Dr.J.J.van Dixhoorn,
Principes en Oefeningen

(Elsevier/Bunge, Maarssen 1998)

English summary of Breath Relaxation

Breath Relaxation

Principles and practice.

This book consists of six main chapters, which can be read separately. Together they form a practical and theoretical manual for professional utilisation of a whole range of relaxation procedures, encompassing much more than the classical methods of progressive relaxation, autogenic training and the relaxation response (Ch 2 & 3). Relaxation is broadly defined as all procedures that enhance 'internal self-regulation'. Contrary to the common view, there is not a linear relationship between a specific procedure and a specific effect. Self-regulation is achieved by way of several processes within the person or patient (Ch 4). Professional instruction means to distinguish the content of the instruction from the effect on the individual and to match the procedure to the response of the person/patient in the course of the class or therapy (Ch 5). One of messages from the book is that relaxation and breathing instruction, when it is done in this way, is a treatment in its own right (Ch 6).

Chapter 2. Relaxation methods. A description of several existing methods, to illustrate the use of different modalities and to expand the concept of relaxation beyond its usual image as reduction of tension. The concept of internal selfregulation is introduced, derived from a model of biofeedback as a process of internal communication between conscious perception and the functioning of the living organism.

Chapter 3. Modalities of relaxation instruction: the core elements constitute the options of the therapist. Described are: choice of posture, direction of attention (active, passive), movement (single or repetitive; gross or fine; peripheral or central), respiration (indirect influence through coupling to movement or by uncoupling from movement; direct influence on respiration), instructing what to do (nonsuggestive) or what to feel (suggestive), having the person verbalise his/her experiences, pace of instruction, touch and manual techniques, feedback (verbal, manual, instrumental), location of instruction in relation to location of tension problems (close, distant), and homework assignment.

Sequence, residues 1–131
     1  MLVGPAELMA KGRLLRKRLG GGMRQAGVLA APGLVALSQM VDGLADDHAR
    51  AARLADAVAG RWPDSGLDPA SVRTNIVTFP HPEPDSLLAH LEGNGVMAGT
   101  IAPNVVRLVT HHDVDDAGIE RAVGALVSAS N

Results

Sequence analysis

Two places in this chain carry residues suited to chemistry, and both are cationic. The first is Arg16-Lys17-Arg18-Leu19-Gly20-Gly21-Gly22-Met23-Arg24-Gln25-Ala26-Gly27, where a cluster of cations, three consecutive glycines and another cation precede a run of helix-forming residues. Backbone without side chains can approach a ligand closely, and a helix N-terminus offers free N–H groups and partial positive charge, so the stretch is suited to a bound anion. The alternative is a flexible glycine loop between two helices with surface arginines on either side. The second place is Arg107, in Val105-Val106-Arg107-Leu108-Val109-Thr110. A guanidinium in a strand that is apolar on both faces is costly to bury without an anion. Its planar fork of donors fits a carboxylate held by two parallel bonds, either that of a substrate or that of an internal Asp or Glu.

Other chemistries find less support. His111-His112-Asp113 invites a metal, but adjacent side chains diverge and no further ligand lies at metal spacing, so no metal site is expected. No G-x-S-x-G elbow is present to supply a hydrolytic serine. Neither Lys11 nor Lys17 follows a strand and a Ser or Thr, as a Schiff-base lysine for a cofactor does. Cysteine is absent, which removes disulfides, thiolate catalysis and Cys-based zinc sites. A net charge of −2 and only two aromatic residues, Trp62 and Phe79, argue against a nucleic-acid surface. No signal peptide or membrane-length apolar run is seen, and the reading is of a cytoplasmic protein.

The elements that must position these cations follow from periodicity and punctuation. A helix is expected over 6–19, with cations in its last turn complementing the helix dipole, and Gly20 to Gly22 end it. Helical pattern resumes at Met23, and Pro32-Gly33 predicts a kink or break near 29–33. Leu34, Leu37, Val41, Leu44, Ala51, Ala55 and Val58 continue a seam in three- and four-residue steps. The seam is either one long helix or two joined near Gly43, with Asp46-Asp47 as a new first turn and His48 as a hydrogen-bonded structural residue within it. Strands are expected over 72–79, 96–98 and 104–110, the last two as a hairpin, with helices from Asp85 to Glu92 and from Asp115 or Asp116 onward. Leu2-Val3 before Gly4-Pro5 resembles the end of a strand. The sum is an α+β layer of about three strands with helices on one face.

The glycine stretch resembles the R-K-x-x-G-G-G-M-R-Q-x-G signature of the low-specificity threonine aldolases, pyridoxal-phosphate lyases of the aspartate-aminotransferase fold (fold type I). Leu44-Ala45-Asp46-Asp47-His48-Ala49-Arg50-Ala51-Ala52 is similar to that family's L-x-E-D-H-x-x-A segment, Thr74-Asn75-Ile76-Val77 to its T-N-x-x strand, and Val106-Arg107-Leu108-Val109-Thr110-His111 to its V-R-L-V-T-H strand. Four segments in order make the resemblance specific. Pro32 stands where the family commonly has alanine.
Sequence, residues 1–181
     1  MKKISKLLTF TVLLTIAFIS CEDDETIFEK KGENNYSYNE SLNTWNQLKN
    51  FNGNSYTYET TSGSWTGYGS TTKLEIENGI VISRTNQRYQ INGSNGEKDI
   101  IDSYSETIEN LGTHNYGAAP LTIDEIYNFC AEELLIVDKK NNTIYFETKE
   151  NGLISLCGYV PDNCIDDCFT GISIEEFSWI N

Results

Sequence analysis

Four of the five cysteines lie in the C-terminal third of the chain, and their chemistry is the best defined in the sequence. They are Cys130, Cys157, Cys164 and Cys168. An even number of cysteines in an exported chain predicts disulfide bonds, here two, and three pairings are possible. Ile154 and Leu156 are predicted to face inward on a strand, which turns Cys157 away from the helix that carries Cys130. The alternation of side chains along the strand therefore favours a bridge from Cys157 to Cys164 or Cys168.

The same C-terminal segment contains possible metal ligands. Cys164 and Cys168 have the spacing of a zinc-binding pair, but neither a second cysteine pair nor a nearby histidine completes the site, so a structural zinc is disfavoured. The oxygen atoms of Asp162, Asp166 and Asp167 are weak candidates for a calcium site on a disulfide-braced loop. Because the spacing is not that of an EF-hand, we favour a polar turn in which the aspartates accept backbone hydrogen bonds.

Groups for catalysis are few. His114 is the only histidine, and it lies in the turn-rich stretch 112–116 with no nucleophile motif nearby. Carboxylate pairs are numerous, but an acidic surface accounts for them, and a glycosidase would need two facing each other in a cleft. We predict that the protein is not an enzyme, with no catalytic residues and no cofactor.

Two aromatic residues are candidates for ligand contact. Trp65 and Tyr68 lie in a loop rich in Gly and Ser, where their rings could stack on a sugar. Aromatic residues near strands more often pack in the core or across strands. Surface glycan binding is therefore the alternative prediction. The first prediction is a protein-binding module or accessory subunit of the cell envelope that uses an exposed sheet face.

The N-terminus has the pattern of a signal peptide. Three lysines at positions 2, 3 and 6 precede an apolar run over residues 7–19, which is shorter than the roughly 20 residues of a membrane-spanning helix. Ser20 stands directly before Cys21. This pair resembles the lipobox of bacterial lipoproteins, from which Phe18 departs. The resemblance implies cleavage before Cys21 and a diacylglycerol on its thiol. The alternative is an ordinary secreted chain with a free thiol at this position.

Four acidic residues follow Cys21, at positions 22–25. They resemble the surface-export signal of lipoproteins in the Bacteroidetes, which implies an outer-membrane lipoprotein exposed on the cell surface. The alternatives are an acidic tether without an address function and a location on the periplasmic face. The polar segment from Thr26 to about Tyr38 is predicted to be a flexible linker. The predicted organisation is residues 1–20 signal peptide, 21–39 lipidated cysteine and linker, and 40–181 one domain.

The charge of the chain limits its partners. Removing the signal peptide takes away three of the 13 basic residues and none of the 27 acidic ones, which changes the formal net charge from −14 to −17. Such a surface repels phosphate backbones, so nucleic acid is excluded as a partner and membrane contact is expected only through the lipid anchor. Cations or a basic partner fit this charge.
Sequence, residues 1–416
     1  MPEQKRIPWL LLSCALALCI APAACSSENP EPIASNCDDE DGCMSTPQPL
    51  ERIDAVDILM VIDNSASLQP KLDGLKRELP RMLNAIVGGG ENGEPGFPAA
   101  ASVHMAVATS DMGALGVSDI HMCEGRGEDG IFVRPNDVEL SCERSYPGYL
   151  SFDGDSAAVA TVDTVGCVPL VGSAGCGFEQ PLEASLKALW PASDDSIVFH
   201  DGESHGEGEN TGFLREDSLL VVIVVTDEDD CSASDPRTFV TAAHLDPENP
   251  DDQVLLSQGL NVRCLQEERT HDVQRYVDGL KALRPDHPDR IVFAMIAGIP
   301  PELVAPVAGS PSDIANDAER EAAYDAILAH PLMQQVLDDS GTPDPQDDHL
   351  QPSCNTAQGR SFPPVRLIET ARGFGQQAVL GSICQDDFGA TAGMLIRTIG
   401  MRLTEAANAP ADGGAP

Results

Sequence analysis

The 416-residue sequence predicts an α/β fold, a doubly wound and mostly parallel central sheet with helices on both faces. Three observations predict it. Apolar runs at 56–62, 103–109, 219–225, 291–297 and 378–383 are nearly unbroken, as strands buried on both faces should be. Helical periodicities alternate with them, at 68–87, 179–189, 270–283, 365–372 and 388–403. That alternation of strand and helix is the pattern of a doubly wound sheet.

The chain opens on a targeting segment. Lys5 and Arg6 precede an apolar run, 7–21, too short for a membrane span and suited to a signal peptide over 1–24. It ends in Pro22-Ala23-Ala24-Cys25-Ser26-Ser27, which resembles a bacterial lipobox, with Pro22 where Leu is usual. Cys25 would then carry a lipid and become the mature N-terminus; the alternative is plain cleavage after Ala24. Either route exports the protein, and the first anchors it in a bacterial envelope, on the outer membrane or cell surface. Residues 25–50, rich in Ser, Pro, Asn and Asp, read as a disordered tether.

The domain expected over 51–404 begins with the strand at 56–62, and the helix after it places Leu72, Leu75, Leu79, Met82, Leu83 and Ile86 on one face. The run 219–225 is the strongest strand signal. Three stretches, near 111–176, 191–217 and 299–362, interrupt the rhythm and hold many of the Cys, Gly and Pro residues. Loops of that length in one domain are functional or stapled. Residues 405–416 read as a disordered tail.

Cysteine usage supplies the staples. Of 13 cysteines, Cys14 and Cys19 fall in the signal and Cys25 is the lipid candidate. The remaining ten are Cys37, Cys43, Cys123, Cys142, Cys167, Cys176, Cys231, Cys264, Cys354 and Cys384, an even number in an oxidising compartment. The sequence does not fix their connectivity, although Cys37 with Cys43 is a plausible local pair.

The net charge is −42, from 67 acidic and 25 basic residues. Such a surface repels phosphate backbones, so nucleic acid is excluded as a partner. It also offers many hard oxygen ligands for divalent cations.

Chapter 4. Processes: Seven main processes to achieve internal self-regulation are described as well as quantitative and qualitative indicators of their occurrence. Starting with tension reduction, both in rest (passive relaxation) and during activity (active relaxation), the shift in autonomic balance towards a more trophotropic state is discussed as well as a shift in attentional state from more a active concentration to a passive attention and attitude. These three processes can occur together or separately or even in opposite direction, resulting in numerous possible responses to the same instruction. Fourthly, body awareness is defined as a main process, not of tension reduction but of increased internal sensory feedback. The consequences of a disturbed relationship between the conscious self and his own living body is described as a major source of tension, unrest and insecurity. Unpleasant experiences can be the result of increased awareness, which are nevertheless important for self-regulation. Next, body awareness is applied to the functions of body movement and respiration. These three processes are essential for generalisation of relaxation to daily life, but are rarely recognised as relaxation effects. The concept of dysfunctional respiration is introduced. It is able for instance to solve the controversy around the 'hyperventilation syndrome'. Assessment criteria for (dis)functional breathing and (dis)functional movement are given. They are important to judge the way that instructions are carried out. Finally, cognitive restructuring means the process of reframing common misunderstandings of relaxation, as well as of verbalising one's experiences and reinterpreting them. This process remains usually implicit. Once it is made explicit, it supports the view of relaxation as a cognitive-behavioural intervention.

Chapter 5. Giving instruction: the basic procedure for instruction in this book is the use of nonsuggestive methods, clear proposals to the person of what to do and to let the experiences of the person/patient be completely open. Any response is possible and suggestions are avoided. The instructor is nonjudgmental, not normative, but interested in the person's response. The steps towards this attitude are described for the instructor as well as a set of rules. The purpose is to have the individual take his/her own experience seriously and to optimise the context for the growth of his/her internal self-regulation, instead of trying to do what is expected. The chapter also describes the modality of having the person verbalise their experience.